News | Published January 30 2019

MPs call for backstop to be replaced by “alternative arrangements”

MPs have voted to support an amendment tabled by Sir Graham Brady which supports May’s withdrawal agreement but calls for the replacement of the Northern Ireland backstop with “alternative arrangements.” In a series of votes to determine how the prime minister should proceed with Brexit, MPs backed two amendments: Sir Graham Brady’s and one tabled by Dame Spelman and Labour’s Jack Dromey which ruled out the possibility of a no-deal Brexit. While both amendments are non-binding, they clearly indicate the opinion of the House.

While MPs chose to support these two amendments, they rejected a number of proposals including those forwarded by the Labour front bench and Yvette Cooper. The Brady amendment passed by 317 votes to 301, the majority of these votes coming from the Conservatives and their DUP allies, although seven Labour MPs defied the party leadership to support the motion.

The success of the Spelman amendment has removed the barrier Corbyn had set before he would enter talks with May. Commenting on this after the vote, the Labour leader said: “Since we have this debate and the House has emphatically voted to reject the no-deal option that the prime minister was supporting, could I say that we are prepared to meet her to put forward the points of the view of the Labour Party of the kind of agreement we want with the EU."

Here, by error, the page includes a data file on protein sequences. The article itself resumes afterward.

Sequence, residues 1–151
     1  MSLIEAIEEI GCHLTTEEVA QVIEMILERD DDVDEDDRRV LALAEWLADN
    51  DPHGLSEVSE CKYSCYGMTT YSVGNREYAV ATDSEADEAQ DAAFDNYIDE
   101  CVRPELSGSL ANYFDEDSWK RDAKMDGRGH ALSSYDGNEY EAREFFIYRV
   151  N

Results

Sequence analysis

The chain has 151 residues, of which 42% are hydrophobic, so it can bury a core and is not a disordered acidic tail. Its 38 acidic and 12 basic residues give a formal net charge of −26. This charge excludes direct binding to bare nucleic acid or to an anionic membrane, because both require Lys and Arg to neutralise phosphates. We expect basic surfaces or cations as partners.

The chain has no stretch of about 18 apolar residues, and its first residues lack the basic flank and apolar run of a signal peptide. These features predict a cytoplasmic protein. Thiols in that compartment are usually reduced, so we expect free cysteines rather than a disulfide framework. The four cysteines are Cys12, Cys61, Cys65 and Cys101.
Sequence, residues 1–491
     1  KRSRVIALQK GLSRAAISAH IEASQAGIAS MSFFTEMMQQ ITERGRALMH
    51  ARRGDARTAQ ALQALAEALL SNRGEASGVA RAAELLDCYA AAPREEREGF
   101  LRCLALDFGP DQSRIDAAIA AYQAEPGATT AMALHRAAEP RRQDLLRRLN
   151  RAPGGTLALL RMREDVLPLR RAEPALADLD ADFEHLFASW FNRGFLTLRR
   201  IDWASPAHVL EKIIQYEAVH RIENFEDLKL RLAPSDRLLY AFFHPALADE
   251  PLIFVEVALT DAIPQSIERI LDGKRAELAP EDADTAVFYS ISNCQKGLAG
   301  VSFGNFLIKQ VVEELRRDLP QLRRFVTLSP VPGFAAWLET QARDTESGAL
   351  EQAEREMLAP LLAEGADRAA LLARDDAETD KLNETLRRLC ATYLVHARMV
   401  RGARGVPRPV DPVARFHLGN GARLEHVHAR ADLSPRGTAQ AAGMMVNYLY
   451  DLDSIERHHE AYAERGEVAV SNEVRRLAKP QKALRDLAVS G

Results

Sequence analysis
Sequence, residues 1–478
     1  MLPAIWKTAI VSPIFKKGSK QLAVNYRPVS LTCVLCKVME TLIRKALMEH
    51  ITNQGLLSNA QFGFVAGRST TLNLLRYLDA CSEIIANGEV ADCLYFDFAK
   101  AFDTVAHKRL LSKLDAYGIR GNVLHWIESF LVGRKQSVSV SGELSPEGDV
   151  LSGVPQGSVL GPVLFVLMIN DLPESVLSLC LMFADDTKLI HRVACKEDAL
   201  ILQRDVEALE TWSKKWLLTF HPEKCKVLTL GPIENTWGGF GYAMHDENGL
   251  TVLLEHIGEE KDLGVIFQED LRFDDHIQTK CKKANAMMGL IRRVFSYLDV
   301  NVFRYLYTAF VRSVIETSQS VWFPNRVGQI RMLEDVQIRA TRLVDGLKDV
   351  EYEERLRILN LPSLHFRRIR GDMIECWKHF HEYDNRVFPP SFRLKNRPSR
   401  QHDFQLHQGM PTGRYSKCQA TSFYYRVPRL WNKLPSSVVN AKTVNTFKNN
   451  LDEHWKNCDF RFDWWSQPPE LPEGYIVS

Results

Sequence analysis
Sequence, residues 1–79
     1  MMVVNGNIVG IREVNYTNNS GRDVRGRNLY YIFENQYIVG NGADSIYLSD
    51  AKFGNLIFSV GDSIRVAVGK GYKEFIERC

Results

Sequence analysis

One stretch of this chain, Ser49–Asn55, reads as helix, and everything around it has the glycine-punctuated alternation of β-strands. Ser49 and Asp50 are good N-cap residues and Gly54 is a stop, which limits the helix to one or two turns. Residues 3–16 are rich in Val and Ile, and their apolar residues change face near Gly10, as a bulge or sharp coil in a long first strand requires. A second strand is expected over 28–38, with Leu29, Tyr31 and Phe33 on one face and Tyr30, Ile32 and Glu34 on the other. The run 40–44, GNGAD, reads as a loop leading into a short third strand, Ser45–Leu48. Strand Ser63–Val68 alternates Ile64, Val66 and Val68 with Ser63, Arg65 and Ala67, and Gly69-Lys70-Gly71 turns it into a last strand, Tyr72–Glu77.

Despite the amendment supporting May in the short term, allowing her to return to the EU to renegotiate the backstop arrangement, these talks look certain to run into difficulties. The EU has consistently stated that the withdrawal agreement cannot be re-opened for negotiation and immediately following the vote, a spokesman for the European Council president Donal Tusk stated that: “The withdrawal agreement is not open for renegotiation. The agreement is a carefully negotiated compromise, which balances the UK position on customs and the single market with avoiding a hard border and protecting the integrity of the EU customs union and single market.” They added that “The best way to ensure an orderly withdrawal is to ratify this agreement.”

Speaking immediately after the series of votes, May vowed to renegotiate while appreciating the challenges that this would involve. She said “We will now take this mandate forward and seek to obtain legally-binding changes to the withdrawal agreement that deal with concerns on the backstop while guaranteeing no return to a hard border between Northern Ireland and Ireland," before adding that “there is limited appetite for such a change in the EU and negotiating it will not be easy."

As yet, it is unclear what these “alternative arrangements” will entail. 

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Authored by

George Salmon
Political Editor
January 30 2019

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